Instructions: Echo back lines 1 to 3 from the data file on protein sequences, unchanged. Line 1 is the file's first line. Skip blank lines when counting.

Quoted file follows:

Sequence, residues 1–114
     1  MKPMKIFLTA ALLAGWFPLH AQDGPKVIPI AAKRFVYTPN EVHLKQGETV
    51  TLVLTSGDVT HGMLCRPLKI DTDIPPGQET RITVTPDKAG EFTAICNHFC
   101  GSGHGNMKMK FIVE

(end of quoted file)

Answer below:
Sequence, residues 1–114
     1  MKPMKIFLTA ALLAGWFPLH AQDGPKVIPI AAKRFVYTPN EVHLKQGETV
    51  TLVLTSGDVT HGMLCRPLKI DTDIPPGQET RITVTPDKAG EFTAICNHFC